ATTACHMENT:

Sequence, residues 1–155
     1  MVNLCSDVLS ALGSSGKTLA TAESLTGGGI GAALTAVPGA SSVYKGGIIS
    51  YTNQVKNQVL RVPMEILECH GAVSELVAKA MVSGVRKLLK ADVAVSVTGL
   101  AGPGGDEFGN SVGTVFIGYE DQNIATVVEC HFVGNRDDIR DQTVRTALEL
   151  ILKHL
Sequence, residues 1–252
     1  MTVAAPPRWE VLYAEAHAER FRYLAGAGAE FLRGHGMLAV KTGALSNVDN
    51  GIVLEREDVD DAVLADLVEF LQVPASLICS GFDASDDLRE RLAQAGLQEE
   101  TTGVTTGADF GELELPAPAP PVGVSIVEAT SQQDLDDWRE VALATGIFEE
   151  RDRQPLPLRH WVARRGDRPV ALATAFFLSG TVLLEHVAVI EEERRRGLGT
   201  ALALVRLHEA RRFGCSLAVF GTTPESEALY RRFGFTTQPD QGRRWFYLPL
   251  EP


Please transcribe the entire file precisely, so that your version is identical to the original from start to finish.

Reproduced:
Sequence, residues 1–155
     1  MVNLCSDVLS ALGSSGKTLA TAESLTGGGI GAALTAVPGA SSVYKGGIIS
    51  YTNQVKNQVL RVPMEILECH GAVSELVAKA MVSGVRKLLK ADVAVSVTGL
   101  AGPGGDEFGN SVGTVFIGYE DQNIATVVEC HFVGNRDDIR DQTVRTALEL
   151  ILKHL
Sequence, residues 1–252
     1  MTVAAPPRWE VLYAEAHAER FRYLAGAGAE FLRGHGMLAV KTGALSNVDN
    51  GIVLEREDVD DAVLADLVEF LQVPASLICS GFDASDDLRE RLAQAGLQEE
   101  TTGVTTGADF GELELPAPAP PVGVSIVEAT SQQDLDDWRE VALATGIFEE
   151  RDRQPLPLRH WVARRGDRPV ALATAFFLSG TVLLEHVAVI EEERRRGLGT
   201  ALALVRLHEA RRFGCSLAVF GTTPESEALY RRFGFTTQPD QGRRWFYLPL
   251  EP